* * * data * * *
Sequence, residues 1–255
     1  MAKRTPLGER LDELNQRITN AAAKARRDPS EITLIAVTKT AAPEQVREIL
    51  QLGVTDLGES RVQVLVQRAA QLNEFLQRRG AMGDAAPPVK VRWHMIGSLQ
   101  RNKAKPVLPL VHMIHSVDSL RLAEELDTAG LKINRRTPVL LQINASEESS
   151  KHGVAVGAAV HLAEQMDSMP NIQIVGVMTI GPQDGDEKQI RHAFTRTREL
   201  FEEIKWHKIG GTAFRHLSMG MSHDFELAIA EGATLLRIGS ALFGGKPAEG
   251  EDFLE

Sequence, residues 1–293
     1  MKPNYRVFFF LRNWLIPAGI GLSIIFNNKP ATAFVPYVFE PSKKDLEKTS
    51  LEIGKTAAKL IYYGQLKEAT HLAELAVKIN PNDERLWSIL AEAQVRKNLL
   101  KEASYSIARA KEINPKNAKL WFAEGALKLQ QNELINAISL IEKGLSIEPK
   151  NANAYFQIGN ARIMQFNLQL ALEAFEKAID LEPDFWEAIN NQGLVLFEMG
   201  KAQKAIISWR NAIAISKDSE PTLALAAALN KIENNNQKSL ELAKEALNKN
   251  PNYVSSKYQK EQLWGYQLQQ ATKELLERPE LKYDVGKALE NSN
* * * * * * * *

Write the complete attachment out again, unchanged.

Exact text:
Sequence, residues 1–255
     1  MAKRTPLGER LDELNQRITN AAAKARRDPS EITLIAVTKT AAPEQVREIL
    51  QLGVTDLGES RVQVLVQRAA QLNEFLQRRG AMGDAAPPVK VRWHMIGSLQ
   101  RNKAKPVLPL VHMIHSVDSL RLAEELDTAG LKINRRTPVL LQINASEESS
   151  KHGVAVGAAV HLAEQMDSMP NIQIVGVMTI GPQDGDEKQI RHAFTRTREL
   201  FEEIKWHKIG GTAFRHLSMG MSHDFELAIA EGATLLRIGS ALFGGKPAEG
   251  EDFLE

Sequence, residues 1–293
     1  MKPNYRVFFF LRNWLIPAGI GLSIIFNNKP ATAFVPYVFE PSKKDLEKTS
    51  LEIGKTAAKL IYYGQLKEAT HLAELAVKIN PNDERLWSIL AEAQVRKNLL
   101  KEASYSIARA KEINPKNAKL WFAEGALKLQ QNELINAISL IEKGLSIEPK
   151  NANAYFQIGN ARIMQFNLQL ALEAFEKAID LEPDFWEAIN NQGLVLFEMG
   201  KAQKAIISWR NAIAISKDSE PTLALAAALN KIENNNQKSL ELAKEALNKN
   251  PNYVSSKYQK EQLWGYQLQQ ATKELLERPE LKYDVGKALE NSN